Revising our vision of ant biodiversity: Male ants of the New World (Hymenoptera: Formicidae)

Monday, November 17, 2014: 9:12 AM
Portland Ballroom 255 (Oregon Convention Center)
Brendon Boudinot , Entomology, University of California, Davis, CA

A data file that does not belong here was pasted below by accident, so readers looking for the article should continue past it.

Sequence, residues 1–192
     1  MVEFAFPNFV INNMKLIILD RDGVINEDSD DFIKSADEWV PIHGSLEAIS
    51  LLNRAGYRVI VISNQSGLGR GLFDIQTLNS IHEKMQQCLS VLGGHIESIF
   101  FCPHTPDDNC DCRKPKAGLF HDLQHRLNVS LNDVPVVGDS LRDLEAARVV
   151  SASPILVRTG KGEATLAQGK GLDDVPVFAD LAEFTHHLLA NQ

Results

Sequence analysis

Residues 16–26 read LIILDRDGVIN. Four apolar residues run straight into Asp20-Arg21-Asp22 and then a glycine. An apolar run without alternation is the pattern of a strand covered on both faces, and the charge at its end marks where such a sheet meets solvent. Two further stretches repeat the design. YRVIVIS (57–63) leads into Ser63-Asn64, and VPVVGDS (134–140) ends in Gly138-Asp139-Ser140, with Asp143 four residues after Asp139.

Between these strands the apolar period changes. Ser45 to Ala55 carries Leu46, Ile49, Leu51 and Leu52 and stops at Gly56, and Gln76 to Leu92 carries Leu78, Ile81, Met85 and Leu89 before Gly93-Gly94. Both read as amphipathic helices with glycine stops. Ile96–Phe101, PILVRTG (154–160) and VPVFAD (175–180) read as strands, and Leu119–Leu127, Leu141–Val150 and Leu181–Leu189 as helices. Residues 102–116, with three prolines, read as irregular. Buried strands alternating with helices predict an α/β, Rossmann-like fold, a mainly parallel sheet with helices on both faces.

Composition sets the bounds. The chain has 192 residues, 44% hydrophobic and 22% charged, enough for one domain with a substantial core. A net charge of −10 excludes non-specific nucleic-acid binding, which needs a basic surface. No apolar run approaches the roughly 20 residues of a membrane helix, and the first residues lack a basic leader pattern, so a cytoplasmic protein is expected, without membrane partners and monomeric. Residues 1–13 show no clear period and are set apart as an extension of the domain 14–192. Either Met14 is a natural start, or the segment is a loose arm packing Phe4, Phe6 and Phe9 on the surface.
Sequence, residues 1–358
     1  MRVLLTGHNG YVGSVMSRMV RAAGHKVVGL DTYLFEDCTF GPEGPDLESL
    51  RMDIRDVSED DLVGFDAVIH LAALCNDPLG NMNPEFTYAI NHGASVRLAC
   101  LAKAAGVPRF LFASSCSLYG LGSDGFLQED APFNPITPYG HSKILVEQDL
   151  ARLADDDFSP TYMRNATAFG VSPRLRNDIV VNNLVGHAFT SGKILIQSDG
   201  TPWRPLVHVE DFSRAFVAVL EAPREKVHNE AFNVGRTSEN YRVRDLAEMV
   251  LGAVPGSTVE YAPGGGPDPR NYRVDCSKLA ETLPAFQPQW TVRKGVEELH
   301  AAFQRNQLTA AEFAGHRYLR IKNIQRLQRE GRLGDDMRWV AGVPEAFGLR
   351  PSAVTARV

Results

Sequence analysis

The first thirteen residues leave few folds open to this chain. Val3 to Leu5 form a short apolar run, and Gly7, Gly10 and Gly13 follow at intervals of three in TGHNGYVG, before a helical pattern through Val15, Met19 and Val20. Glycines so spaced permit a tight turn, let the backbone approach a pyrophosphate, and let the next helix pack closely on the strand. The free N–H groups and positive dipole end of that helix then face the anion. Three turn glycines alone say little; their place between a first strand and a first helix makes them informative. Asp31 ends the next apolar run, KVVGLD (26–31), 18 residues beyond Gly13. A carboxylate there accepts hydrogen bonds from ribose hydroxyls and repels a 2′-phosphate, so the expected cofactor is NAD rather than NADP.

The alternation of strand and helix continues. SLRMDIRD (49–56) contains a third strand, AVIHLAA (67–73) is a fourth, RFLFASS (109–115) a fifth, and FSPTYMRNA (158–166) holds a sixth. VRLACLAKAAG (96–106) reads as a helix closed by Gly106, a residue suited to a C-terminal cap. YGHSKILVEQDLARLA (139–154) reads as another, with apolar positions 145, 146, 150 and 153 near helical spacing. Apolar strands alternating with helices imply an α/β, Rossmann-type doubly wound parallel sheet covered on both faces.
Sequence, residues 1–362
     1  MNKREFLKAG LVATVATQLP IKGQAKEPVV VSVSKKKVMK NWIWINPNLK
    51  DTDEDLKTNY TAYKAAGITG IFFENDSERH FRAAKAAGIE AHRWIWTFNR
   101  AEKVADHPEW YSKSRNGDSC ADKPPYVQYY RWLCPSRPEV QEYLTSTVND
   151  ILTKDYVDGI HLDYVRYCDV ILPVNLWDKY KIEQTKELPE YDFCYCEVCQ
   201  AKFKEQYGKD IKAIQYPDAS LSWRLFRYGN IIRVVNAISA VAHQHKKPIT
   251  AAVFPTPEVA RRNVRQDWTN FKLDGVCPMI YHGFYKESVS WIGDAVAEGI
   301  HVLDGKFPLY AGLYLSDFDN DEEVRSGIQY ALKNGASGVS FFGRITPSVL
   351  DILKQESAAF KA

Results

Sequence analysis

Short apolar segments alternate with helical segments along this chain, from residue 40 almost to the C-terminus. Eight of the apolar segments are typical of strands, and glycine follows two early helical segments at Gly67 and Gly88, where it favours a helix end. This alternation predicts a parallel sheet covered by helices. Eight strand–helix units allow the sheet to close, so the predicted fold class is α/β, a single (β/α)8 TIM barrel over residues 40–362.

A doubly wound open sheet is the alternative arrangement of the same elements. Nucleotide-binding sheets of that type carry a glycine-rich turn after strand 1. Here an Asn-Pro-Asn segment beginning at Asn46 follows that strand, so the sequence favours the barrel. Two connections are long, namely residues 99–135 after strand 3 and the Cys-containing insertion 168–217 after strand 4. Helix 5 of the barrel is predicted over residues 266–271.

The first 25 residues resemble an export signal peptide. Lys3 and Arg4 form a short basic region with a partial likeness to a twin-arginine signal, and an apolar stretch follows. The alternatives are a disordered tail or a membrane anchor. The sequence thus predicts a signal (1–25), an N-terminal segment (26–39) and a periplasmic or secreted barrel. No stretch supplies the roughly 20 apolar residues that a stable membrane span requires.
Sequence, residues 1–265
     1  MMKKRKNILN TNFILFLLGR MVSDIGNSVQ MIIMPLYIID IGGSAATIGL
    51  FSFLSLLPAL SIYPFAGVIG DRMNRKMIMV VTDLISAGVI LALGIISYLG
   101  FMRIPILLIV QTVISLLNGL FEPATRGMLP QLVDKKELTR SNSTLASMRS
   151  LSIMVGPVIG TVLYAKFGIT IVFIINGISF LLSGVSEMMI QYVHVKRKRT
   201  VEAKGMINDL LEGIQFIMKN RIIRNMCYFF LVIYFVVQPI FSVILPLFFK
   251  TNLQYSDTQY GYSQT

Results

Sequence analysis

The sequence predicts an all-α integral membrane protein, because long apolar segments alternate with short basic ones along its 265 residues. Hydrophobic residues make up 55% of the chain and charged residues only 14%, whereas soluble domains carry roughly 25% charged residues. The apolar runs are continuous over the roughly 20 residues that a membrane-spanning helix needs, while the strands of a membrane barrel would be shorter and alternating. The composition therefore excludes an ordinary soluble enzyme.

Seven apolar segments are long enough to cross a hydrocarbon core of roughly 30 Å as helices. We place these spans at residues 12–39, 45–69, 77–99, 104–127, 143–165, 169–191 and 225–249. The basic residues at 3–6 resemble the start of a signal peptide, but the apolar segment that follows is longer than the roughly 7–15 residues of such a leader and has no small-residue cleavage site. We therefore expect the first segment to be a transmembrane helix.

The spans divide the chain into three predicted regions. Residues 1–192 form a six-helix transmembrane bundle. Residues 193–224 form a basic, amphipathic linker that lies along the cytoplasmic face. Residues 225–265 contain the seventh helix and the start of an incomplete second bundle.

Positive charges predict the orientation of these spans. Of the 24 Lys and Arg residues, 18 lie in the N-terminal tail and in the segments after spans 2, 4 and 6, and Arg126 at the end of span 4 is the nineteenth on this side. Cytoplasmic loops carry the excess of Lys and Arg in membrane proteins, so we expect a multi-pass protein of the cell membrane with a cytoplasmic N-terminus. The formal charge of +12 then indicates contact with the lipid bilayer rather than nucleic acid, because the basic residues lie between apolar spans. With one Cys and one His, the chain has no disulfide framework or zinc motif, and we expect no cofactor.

Males are a neglected and poorly understood aspect of ant biodiversity. To operationalize males for systematic, ecological, and evolutionary study, male-based keys to and diagnoses of the ant subfamilies and genera of the New World are composed for the first time. Based on a global sample of taxa, a new diagnosis of the Formicidae is presented. Males all 12 subfamilies occurring in the New World are treated (16 global). At the generic level, 142 of 151 native and introduced genera are treated (324 global), including the first male descriptions nine genera. Several taxonomic actions are taken based on morphological and molecular data. Highlights of this research are discussed. A new glossary of ant morphology is presented, clarifying skeletal homologies of several challenging structures. This work represents the first hemisphere-wide treatment of male ants, providing the first treatment of the hyperdiverse Neotropical fauna, and opening up new methods for biodiversity surveys and new venues for ecological and evolutionary study by allowing male ants to be collected separate from workers.